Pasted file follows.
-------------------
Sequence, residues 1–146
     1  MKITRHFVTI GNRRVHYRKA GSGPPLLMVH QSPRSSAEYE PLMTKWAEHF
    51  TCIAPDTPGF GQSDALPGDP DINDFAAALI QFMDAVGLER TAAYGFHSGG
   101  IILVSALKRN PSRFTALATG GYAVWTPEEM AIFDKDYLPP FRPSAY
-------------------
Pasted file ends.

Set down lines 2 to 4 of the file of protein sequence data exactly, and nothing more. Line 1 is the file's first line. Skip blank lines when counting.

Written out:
     1  MKITRHFVTI GNRRVHYRKA GSGPPLLMVH QSPRSSAEYE PLMTKWAEHF
    51  TCIAPDTPGF GQSDALPGDP DINDFAAALI QFMDAVGLER TAAYGFHSGG
   101  IILVSALKRN PSRFTALATG GYAVWTPEEM AIFDKDYLPP FRPSAY